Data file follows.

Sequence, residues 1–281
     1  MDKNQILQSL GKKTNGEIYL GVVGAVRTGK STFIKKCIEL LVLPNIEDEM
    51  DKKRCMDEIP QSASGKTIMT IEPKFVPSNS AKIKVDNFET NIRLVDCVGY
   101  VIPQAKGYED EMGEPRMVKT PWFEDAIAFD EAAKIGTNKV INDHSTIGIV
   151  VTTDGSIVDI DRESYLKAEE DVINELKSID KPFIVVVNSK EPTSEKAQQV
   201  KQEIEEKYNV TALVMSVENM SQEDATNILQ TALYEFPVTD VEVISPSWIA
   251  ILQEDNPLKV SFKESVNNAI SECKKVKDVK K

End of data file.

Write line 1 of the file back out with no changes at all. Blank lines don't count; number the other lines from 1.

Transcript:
Sequence, residues 1–281